Don't do it

Why doing it yourself isn't always a good idea

Many of us attempt to repair home issues on our own.  While in some cases a YouTube video or quick workshop at a home improvement store is sufficient enough to make small repairs, a basement repair done incorrectly can lead to more costly issues down the road, such as structural damage to the home and foundation. 

Here are just a few ways homeowners attempt to correct water leakage

1.  Excavation of soil around the home's foundation, installation of a french drain next to the footer and tarring the foundation.  

This sounds good, but this is very expensive, messy, and very difficult to do, since there are usually decks, patios, shrubbery, sidewalks, bilco doors and porches along the perimeter of the home.  Even if using a contractor, many will not provide a life time guarantee against return of the issues.  

2.  Installation of additional concrete flooring on top of the existing floor surface.  

This is not only very expensive, but does not stop the water from coming in to the home, and fails to resolve dampness issues.  When the issue clearly doesn't resolve and a professional service has to be called, there are extra costs for excavation and potential increased risk for damage of the home.

3.  Installation of a concrete "shoulder" where the wall and the floor meet.  

Once again, this may mean money wasted.  Even if it does temporarily stop water from coming in to the basement, it does not address the issue of dampness. 

4.  Painting a Dry-Lok type substance on the walls looks good, but it may only stop water that is coming through the wall.  

Eventually these substances will chip off when there is extensive moisture.  It also does not address water leaking where the floor and wall meet, or through cracks in the floor.  In fact,  these substances will over a period of time, cause your cinder block wall to disintegrate.  Cinder blocks, unlike concrete, cannot hold up to the constant moisture being held in by the waterproofing material.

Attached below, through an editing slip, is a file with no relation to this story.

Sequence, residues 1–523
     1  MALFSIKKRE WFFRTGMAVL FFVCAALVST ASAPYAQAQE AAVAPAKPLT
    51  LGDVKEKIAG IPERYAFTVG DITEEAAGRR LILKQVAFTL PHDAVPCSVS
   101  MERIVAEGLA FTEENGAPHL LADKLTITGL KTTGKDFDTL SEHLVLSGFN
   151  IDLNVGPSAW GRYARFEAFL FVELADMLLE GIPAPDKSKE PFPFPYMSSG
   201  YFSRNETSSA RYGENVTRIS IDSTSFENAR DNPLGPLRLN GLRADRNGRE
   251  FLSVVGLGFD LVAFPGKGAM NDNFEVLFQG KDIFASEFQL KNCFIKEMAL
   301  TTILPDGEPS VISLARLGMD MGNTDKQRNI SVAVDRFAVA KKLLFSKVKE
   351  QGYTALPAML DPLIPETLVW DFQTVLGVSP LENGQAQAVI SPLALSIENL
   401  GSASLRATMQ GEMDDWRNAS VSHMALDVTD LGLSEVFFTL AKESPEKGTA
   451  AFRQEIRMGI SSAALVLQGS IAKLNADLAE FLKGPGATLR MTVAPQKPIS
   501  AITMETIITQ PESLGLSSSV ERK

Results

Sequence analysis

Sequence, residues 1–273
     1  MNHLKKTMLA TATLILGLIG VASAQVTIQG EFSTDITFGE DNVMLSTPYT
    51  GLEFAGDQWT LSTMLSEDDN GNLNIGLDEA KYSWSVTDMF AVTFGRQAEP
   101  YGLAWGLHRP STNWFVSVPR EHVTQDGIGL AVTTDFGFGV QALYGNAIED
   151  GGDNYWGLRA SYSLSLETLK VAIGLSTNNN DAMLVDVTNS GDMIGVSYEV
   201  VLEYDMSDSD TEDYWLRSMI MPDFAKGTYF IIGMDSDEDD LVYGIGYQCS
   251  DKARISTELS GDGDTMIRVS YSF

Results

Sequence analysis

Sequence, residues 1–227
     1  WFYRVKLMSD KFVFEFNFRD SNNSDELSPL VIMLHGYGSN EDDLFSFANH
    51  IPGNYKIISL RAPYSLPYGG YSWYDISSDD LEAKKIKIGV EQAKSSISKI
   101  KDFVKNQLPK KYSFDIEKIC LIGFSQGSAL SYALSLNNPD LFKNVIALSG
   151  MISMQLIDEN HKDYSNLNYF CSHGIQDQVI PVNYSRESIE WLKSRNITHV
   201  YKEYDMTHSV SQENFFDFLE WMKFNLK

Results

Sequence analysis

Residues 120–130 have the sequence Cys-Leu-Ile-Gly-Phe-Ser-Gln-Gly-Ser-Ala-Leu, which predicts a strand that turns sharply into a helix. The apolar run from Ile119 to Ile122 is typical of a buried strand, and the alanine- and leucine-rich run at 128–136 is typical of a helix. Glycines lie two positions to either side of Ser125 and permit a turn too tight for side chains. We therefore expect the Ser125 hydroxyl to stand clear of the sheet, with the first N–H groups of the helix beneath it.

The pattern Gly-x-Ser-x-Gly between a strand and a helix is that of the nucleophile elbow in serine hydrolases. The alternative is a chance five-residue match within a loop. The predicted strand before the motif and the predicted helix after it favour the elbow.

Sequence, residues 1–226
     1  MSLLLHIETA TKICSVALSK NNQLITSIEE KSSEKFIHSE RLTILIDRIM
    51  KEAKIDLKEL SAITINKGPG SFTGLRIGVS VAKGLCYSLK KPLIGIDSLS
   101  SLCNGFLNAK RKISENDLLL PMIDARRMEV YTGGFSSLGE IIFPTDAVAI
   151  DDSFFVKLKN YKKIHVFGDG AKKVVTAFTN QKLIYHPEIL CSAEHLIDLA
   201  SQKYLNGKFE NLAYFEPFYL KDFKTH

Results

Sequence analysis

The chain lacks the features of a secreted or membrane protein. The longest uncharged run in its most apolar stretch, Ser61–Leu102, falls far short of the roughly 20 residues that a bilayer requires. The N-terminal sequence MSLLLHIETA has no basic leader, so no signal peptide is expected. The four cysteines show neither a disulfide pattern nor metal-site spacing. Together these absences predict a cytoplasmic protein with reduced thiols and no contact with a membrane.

5.  Digging a ditch and installing a french drain outside the home.

This may help, but does not address the root cause of the water issue completely.

6.  Parging (stucco) interior walls.  

This may make the walls look better, but you will still have dampness and usually it does not stop water from coming in to the basement through cracks in the floor or at the bottom of the wall.  After several years, the moisture will damage the stucco and it will flake off the wall.  

Call the Professionals

Our System

Our system is based on the fact that water seeks the lowest level.  Birchwood Waterproofing creates a French drain under your basement floor next to the footer, which is connected to a pit where a sump pump is installed.  The sump pump we use comes with a 7 year warranty.

Our system is guaranteed to keep water off your basement floor for the life of your home.  We can offer such a guarantee because we use gravel, plastic pipe and concrete.  Since water gravitates to the French drain, there is less dampness and no mold or mildew.  

Our system supports the following types of foundations:

  • Stone
  • Concrete 
  • Cinder Block*
  • Foundations without a footer

*Cinder Block - our seepage system drains water out of their hollow centers, resulting in a dry wall which will last many more years.  

The system we use prevents water coming in through cracks in the walls, from bilco doors, through the cove where the wall meets the floor, and through cracks in the floor.  

We reduce Hydrostatic pressure, and can repair cracks and bulging in the foundation without re-occurrence.